Welcome once again to Tuesday Therapy Notes, the weekly series examining some of the types of therapy that exist, as well as some common issues. Last week, we talked about how to know when to look for a new therapist. This week I want to tell you what to expect on your first visit.
Now, the first visit is something I’ve done three times. And even with my experience, I sometimes still have anxiety. After all, therapy is typically where some seriously personal stuff comes up and this person is a complete stranger. What if they judge me? What if we don’t click and I have to start this process all over? There are a lot of what ifs that will likely make anyone a bit anxious.
And while the waiting areas are typically, small, nondescript, comfortable, rooms that shouldn’t create any anxiety, don’t feel surprised if you nevertheless feel that. There might be a white noise machine in the room, to prevent any of the sessions inside the office being overheard outside the office. There might also be calming music playing softly from somewhere in the room.
Your first interaction will probably be like any other interaction, filling out forms and dealing with insurance questions. Some therapists have this paperwork online in a secure format that will allow you to skip this step when you actually show up. Some therapy offices may also ask you to fill out an intake form that briefly touches on the issues you’re seeking therapy for.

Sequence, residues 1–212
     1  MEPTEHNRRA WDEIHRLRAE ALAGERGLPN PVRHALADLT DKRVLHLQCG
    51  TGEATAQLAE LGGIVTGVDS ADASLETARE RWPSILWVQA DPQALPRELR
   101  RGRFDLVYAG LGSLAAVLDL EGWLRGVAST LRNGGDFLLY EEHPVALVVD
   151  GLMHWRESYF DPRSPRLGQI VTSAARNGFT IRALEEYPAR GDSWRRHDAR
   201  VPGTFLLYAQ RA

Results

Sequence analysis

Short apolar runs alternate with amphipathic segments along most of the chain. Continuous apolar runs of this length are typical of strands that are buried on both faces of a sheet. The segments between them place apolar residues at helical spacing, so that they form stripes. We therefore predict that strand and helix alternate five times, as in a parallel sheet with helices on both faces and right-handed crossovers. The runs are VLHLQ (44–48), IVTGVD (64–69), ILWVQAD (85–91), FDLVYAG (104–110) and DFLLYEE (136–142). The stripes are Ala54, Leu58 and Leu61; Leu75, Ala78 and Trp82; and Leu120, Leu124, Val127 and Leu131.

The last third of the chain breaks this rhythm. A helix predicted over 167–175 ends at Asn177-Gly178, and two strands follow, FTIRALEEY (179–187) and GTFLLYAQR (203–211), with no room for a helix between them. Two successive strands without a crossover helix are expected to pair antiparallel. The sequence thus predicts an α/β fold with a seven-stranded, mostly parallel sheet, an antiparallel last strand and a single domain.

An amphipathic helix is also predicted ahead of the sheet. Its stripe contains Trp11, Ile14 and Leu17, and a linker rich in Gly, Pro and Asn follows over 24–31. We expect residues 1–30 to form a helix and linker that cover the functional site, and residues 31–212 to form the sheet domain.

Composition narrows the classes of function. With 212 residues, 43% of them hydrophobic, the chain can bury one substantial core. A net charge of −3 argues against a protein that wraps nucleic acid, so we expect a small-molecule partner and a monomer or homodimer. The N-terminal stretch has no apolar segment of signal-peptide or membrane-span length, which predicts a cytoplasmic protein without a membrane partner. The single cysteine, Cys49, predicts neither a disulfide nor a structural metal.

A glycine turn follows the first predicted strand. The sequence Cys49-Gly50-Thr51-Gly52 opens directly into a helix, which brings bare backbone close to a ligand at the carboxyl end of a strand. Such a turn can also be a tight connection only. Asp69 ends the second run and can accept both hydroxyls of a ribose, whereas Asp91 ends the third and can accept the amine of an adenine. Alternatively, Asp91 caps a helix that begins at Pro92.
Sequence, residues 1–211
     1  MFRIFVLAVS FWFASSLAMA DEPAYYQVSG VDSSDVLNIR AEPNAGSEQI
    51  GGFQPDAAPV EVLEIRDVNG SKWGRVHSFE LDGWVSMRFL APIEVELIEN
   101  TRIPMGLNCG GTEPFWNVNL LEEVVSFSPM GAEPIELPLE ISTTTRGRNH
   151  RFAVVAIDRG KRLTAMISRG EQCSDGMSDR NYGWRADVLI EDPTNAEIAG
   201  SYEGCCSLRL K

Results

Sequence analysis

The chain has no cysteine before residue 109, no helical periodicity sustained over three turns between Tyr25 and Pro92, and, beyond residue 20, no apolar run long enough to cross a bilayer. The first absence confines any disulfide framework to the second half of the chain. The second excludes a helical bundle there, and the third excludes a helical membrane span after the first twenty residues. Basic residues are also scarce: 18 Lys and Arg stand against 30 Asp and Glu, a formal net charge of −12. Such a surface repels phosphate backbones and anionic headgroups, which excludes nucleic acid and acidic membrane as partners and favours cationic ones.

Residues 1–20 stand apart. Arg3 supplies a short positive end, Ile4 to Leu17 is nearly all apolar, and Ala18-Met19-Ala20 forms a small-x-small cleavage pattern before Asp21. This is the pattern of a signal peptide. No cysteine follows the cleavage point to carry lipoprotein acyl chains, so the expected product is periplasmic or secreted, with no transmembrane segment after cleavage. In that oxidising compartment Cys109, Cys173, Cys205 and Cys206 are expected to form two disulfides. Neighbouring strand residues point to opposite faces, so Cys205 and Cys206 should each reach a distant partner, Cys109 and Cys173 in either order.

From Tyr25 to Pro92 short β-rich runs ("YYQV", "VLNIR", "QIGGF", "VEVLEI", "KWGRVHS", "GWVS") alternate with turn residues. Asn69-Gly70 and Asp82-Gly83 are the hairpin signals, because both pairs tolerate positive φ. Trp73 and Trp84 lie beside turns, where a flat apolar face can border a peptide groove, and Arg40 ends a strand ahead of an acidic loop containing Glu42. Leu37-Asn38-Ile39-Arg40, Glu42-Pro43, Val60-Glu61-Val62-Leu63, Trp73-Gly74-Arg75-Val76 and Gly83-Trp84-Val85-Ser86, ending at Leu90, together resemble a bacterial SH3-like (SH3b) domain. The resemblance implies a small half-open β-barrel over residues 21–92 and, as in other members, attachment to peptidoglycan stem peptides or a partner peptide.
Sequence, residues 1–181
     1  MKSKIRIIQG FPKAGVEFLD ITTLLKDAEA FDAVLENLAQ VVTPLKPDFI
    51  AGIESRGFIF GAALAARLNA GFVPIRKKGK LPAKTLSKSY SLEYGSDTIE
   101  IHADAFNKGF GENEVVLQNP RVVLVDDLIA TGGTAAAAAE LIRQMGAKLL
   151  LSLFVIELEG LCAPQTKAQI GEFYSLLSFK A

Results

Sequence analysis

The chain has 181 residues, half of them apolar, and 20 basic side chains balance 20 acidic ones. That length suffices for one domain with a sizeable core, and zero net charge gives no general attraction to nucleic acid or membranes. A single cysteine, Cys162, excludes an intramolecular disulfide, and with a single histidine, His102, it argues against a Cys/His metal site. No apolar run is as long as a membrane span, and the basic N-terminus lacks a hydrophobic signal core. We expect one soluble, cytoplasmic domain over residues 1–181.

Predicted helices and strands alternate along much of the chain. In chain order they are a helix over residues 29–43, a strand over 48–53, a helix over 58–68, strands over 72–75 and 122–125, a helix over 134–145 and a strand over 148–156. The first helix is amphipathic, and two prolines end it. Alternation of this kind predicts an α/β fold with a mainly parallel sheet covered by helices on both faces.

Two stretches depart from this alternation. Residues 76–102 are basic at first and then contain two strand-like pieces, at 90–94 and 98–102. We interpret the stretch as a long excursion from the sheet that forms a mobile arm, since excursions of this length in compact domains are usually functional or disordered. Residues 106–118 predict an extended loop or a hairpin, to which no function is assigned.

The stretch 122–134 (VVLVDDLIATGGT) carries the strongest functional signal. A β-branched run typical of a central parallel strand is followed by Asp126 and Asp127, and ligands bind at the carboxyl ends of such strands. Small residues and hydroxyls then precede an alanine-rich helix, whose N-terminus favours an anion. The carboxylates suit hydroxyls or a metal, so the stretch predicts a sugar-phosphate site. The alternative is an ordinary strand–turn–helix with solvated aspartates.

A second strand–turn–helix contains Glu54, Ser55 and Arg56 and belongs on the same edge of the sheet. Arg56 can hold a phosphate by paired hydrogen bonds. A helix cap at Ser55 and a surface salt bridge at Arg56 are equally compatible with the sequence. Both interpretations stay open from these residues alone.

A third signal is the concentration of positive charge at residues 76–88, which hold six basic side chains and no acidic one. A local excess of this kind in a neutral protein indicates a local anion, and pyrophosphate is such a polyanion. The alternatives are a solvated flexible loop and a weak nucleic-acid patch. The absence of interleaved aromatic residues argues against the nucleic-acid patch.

Even if there is an intake form, chances are they will ask you an open-ended question, like “what brings you in today?” This is your chance to tell your story in whatever way you want. You don’t need to be super detailed, there will be chances to fill in the details in later sessions. And if the idea of telling your story makes you nervous, don’t worry. While this might be your first time, your therapist will be experienced and will be able to ask guided questions to help nudge you along.
As for time, the therapist will take care of that, so there is no need to watch the clock. As for what happens after, you and your therapist will likely set up a time for your next appointment. As for you, you might not necessarily feel more relaxed. After all, bringing up these issues can be hard, and sometimes it gets worse before it gets better. If that happens, don’t let it discourage you. Because therapy can be a powerful tool on the road to recovery. And hopefully, this post will help you prepare for your first session.